Marketing is simultaneously easier and harder than it has ever been before. It’s easier because everyone has a phone in their hand capable of receiving your ads, and we have endless amounts of data about how effective those ads are, but it’s harder because people are being bombarded with so much information from other advertisers that it’s nearly impossible to stand out. People see up to 15,000 ads in a given day, almost never getting a break, creating an exhausted, ‘over it’ crowd of people who just really don’t want to see one more ad at all.
This has created a new kind of audience, one that is averse to your ads and incredibly hard to market to. On the bright side, this holds companies to a higher standard. The quality of products on the market today is better than ever before, simply because our current populace isn’t quite as easily fooled.
It is still possible to market effectively, but you need to invest more attention, energy, and resources in order to do so. Here are some of the conditions that occur in people who are over-marketed to, and how you can overcome or even use them to your advantage
1. Consumers Are Smarter Than Ever
In the age of mass information, consumers are… wait for it… more informed. They know all the tricks that marketers use, they know their brains are designed to make impulse buys, and they’re also educated on which companies are behaving in a morally responsible manner. If they feel that you’re dumbing things down too much (insulting!), that you’re unethical, or simply see you as a cheesy salesman, your chances of making a sale are slim to none.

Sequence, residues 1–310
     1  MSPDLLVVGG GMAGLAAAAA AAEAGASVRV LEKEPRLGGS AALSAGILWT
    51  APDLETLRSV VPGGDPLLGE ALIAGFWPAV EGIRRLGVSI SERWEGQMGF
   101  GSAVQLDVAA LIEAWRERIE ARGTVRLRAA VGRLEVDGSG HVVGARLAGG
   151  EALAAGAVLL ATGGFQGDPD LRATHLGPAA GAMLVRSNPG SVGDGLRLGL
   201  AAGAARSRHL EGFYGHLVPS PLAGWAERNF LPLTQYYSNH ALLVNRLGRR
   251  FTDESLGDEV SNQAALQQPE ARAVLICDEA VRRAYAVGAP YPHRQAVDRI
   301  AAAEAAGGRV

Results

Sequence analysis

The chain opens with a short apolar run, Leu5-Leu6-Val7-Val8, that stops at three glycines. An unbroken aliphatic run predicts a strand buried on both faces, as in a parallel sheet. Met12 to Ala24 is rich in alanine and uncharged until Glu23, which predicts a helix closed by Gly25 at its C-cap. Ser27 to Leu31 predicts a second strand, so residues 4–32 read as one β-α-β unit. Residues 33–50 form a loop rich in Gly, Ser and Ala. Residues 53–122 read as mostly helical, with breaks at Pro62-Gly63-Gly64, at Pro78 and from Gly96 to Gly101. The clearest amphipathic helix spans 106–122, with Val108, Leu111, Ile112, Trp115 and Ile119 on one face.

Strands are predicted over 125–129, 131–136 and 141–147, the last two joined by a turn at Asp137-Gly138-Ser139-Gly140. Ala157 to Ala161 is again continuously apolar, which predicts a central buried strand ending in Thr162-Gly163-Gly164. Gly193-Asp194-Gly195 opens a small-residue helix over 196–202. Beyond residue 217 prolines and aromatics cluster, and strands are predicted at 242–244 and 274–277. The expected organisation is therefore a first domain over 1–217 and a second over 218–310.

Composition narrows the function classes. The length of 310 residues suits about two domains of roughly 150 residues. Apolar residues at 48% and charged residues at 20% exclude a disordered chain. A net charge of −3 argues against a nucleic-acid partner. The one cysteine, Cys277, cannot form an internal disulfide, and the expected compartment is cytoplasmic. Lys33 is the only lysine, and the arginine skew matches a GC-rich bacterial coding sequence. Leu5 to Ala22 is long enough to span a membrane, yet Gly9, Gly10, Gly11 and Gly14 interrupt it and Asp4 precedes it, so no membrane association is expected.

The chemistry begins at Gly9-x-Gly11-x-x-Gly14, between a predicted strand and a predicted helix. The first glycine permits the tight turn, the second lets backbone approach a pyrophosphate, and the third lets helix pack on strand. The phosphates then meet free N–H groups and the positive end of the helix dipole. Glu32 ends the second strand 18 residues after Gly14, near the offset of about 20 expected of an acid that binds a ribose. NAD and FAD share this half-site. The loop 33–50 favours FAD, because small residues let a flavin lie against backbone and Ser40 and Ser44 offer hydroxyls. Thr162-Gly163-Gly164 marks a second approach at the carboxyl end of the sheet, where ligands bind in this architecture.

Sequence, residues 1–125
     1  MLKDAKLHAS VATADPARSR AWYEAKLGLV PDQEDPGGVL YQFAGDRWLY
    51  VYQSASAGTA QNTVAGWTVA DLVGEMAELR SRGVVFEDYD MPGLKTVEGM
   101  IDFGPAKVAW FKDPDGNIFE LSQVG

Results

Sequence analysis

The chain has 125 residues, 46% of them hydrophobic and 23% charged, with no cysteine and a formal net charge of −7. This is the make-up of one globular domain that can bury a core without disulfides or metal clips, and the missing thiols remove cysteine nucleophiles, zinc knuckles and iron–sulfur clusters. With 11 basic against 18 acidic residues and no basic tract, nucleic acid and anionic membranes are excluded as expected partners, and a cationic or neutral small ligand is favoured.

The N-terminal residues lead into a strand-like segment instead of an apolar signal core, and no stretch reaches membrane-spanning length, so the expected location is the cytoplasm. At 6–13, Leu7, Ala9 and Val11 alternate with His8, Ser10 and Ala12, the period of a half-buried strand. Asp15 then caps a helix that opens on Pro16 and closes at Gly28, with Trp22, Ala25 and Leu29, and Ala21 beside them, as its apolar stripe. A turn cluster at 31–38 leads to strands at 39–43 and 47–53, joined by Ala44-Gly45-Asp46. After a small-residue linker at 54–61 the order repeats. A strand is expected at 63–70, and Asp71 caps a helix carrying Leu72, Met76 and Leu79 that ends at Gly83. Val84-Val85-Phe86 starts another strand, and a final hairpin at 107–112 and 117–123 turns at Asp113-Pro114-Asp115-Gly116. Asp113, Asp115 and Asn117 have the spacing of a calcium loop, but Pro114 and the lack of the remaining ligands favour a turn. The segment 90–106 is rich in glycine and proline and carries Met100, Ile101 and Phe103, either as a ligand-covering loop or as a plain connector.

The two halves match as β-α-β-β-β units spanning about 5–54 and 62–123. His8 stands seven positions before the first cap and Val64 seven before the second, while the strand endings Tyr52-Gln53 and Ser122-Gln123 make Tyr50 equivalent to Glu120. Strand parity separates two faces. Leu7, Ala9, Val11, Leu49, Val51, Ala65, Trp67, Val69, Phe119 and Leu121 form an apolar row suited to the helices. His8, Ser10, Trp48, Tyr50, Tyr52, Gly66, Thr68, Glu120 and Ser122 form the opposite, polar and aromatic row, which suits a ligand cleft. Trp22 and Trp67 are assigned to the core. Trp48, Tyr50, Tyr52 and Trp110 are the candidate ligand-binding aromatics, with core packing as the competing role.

If you want to get conversions in this day and age, you need to be smart as well. Trying to trick people into buying something they don’t need is not a viable business model. If you’re not genuine, you will be sniffed out immediately.
If you want to win over a knowledgeable consumer base, you need to start by offering high-quality products that legitimately solve problems. Don’t worry about marketing until you’ve achieved this primary goal and actually believe in what you’re selling.
2. They’re Good at Avoiding You
Consumers breeze over 99% of the ads that get sent their way. They use ad blockers, headphones, books, and even internal tricks that shut down their attention when a marketer is trying to get in. The minute people realize you’re marketing to them, they begin to tune you out, if not beforehand.
Even if you get them on their device, they’re not giving you much time. On Instagram, you have less than a second to reel someone in before they scroll past your ad, maybe even closer to 1/10th of a second.
Hack: Find them where they are, and be prepared to be ignored on your first few attempts. Make your ad recognizable instantly, and use remarketing to build a small amount of brand recognition even among people who are zooming past you. Eventually, you may just pique their interest and win a few seconds of attention.
3. They’re Under Psychological Stress